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Download Flatland: A Romance of Many Dimensions Audiobook

Extended Audio Sample Flatland: A Romance of Many Dimensions Audiobook, by Edwin A. Abbott Click for printable size audiobook cover
3.41 out of 53.41 out of 53.41 out of 53.41 out of 53.41 out of 5 3.41 (32 ratings) (rate this audio book) Author: Edwin A. Abbott Narrator: Robin Field Publisher: Blackstone Audio Format: Unabridged Audiobook Delivery: Instant Download Audio Length: Release Date: November 2011 ISBN: 9781470805982
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With this satirical novella, English schoolmaster Edwin A. Abbott provides both a mathematical fantasy and pointed observations on the social hierarchy of Victorian culture. The narrator, A. Square, resides in the fictional two-dimensional world of Flatland. When he is visited by a sphere, he is suddenly faced with proof of the existence of three dimensions and is forced to see the limitations of his world.

In a foreword to one of the many publications of this novella, noted science writer Isaac Asimov described Flatland as “the best introduction one can find into the manner of perceiving dimensions.” As such, this novella is still popular among mathematics, physics, and computer science students.

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Quotes & Awards

  • “With so much wit and grace of style is this clever satire on the limits of our knowledge wrought out that we shall not be surprised to see it take a permanent place in literature.”

    Literary World (London)

  • “[An] attractive little book…It throws a light on the question of the nature of space, which will be eagerly welcomed by seekers after a Fourth Dimension; and it proves that the institutions and failings of the race which inhabits the strangest countries bear a curiously perverted resemblance to those of our own.”

    Spectator (UK)

  • “This pre-Einstein geometrical fantasy is one of the best things of its kind that has ever been written, for it is more than an ingeniously sustained fantasy: it is a social satire, with wit as sharp as the sub-lustrous end of a Flatland woman; it is an easy philosophical introduction to the fourth dimension; and it is a rebuke to everyone who holds that there is no reality beyond what is perceptible by human senses.”

    Saturday Review

  • Flatland is one of the very few novels about math and philosophy that can appeal to almost any layperson…The book is also quite a funny satire on society and class distinctions of Victorian England.”

    Amazon.com, editorial review

Listener Opinions

  • 1 out of 51 out of 51 out of 51 out of 51 out of 5 Tiamat_the_red | 2/10/2014

    " I hated this book. I realize that it's a product of its time but, wow, the casual sexism that permeates it really threw me. A. Square is also so arrogant that I found myself hoping he'd have a fatal accident but not caring enough to read on and find out. I couldn't even finish this book. "

  • 4 out of 54 out of 54 out of 54 out of 54 out of 5 Cheryl | 2/4/2014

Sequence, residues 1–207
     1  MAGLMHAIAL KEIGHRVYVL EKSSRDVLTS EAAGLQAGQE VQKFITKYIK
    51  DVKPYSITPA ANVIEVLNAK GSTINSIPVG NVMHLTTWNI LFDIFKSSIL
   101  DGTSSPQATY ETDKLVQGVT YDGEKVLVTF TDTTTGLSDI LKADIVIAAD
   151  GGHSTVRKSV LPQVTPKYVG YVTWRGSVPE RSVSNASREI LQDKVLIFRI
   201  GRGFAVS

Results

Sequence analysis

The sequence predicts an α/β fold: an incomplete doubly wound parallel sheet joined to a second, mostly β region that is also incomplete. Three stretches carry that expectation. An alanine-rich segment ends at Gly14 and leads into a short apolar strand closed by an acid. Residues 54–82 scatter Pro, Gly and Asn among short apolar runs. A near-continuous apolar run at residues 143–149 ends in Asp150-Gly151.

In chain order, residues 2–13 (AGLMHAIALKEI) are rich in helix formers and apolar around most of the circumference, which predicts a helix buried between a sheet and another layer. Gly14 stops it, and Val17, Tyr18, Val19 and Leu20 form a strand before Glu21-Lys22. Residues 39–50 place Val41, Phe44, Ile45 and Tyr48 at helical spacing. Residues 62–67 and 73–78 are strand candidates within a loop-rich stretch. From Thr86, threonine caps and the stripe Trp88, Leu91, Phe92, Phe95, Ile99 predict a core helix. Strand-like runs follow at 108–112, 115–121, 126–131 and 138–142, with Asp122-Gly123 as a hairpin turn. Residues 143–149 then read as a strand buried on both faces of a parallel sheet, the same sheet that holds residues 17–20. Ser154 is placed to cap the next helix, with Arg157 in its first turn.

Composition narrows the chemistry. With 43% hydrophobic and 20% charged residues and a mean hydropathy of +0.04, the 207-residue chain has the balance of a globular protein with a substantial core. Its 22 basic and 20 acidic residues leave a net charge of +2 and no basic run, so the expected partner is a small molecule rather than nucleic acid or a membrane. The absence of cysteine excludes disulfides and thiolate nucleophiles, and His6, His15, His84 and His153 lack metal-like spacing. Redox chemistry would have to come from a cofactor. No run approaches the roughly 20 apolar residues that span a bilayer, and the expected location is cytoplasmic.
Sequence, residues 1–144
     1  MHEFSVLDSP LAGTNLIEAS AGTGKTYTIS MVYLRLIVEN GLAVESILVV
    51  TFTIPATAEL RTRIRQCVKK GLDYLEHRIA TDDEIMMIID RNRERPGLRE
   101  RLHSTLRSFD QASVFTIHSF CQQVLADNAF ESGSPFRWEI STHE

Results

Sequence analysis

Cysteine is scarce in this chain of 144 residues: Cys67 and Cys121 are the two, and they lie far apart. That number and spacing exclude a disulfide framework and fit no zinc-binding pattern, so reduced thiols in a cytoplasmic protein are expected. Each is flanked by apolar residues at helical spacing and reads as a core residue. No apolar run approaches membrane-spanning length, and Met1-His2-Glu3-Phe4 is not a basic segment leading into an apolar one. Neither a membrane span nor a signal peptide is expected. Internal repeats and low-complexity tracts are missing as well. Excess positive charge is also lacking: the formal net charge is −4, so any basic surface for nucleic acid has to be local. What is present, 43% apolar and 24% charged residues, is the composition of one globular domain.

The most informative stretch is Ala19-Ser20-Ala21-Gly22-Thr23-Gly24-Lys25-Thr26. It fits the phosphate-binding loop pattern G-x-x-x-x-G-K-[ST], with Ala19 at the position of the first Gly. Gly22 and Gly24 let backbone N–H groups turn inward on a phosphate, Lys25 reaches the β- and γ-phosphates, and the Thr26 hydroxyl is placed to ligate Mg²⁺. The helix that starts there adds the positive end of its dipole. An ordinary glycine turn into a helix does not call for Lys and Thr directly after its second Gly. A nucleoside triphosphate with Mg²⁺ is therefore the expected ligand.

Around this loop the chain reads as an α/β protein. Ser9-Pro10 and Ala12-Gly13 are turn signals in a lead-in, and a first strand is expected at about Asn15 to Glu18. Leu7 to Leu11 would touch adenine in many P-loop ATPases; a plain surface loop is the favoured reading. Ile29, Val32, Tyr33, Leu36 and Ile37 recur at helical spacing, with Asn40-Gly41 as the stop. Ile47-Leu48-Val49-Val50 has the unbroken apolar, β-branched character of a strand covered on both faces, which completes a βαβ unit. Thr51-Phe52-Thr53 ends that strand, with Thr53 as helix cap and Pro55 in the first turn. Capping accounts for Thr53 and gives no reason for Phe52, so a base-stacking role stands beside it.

" I never thought that a book about math, let alone geometry would be appealing to me. But as the author explained how things would look in the 1st, 2nd, and point dimensions I not only understood (a minor miracle) but was fascinated by the descriptions and thinking about what the implications would be. I enjoyed the satire of Victorian society and the message of not resisting an idea just because you don't understand it yet. "

  • 5 out of 55 out of 55 out of 55 out of 55 out of 5 Mark Berard | 1/25/2014

    " Truely great book. Everyone should read this. Short and chock-full of interesting ideas. "

  • 4 out of 54 out of 54 out of 54 out of 54 out of 5 Akiva Jackson | 1/16/2014

    " Interesting, but slightly anti-climactic, and I didn't really get the parallels to victorian society. I guess I need to do more research! "

  • 3 out of 53 out of 53 out of 53 out of 53 out of 5 Courtney Golden | 1/15/2014

    " this was not what I expected at all - it's a satire but it's so dry and scientific that it's kinda like a treatise - but interesting nonetheless. "

  • 5 out of 55 out of 55 out of 55 out of 55 out of 5 Marlan | 1/15/2014

    " Although it has turn-of-the-century sexist overtones, this book is pretty awesome. It's a quick read, and the overall concept is fantastic. It's simple, and yet mind-boggling cool. Makes you wish you could figure out what a 4-D world would look like. "

  • 3 out of 53 out of 53 out of 53 out of 53 out of 5 Aaron Kent | 1/6/2014

    " the more math you know, or the more you like maths, the more fun this book is. "

  • 3 out of 53 out of 53 out of 53 out of 53 out of 5 Tricia | 12/9/2013

    " Arise, and throw off the confines of limited dimensionality! "

  • 3 out of 53 out of 53 out of 53 out of 53 out of 5 Ana | 12/7/2013

    " 3.5, actually. Review to come! "

  • 4 out of 54 out of 54 out of 54 out of 54 out of 5 Bev Hankins | 4/15/2013

    " It's been a long time since I read it...but it's absolutely classic. And, if nothing else, it has merit in being a story based on geometry (which I dislike actively) that I absolutely loved. "

  • 4 out of 54 out of 54 out of 54 out of 54 out of 5 Lillian | 1/29/2013

    " Really interesting. Try it! Very different. "

  • 3 out of 53 out of 53 out of 53 out of 53 out of 5 Kenneth | 10/23/2012

    " Wonderful. Groundbreaking and hilarious. Everyone should read. "